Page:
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The machine, an ornithopter, is inspired by sketches made by Leonardo da Vinci in 1485. ((Canadian Press))

A University of Toronto student has achieved what's believed to be a first in aviation.

Todd Reichert, a PhD candidate, has built a human-powered aircraft with flapping wings that the school says set a world record by flying continuously.

The machine — an ornithopter — is inspired by sketches made by Leonardo da Vinci in 1485.

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Reichert says the wing-flapping device sustained both altitude and airspeed for 19.3 seconds, and covered a distance of 145 metres at an average speed of 25.6 kilometres per hour. ((Canadian Press))

Reichert flew his aircraft, called the Snowbird, in Tottenham, Ont., on Aug. 2 as a witness from the world-governing body for air sports and aeronautical world records watched.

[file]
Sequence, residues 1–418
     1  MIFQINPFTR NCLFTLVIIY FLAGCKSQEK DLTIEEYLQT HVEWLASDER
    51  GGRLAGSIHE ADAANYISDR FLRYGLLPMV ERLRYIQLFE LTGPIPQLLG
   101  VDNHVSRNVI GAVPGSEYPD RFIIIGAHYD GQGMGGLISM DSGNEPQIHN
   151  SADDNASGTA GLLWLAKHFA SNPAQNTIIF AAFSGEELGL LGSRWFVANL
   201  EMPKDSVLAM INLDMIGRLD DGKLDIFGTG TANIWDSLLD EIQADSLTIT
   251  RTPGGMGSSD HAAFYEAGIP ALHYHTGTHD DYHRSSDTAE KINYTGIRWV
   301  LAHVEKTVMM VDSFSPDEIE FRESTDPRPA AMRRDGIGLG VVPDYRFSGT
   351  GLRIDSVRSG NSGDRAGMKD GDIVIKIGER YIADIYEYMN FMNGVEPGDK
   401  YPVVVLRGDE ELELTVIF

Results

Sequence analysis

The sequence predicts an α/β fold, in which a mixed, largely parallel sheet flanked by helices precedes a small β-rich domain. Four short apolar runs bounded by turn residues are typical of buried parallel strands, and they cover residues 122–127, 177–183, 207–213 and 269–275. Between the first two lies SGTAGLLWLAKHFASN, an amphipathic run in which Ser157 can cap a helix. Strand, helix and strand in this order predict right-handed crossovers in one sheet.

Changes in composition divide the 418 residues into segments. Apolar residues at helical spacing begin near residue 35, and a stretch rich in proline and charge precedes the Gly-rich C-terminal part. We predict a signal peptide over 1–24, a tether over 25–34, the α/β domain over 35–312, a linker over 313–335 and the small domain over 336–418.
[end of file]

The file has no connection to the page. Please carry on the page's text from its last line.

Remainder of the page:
The university says the organization is expected to confirm the ornithopter's world record in October.

Reichert says the wing-flapping device sustained both altitude and airspeed for 19.3 seconds, and covered a distance of 145 metres at an average speed of 25.6 kilometres per hour.

Although its wingspan is comparable to that of a Boeing 737, around 32 metres, the machine weighs just 43 kilograms.

HPO Flight from U of T Engineering on Vimeo.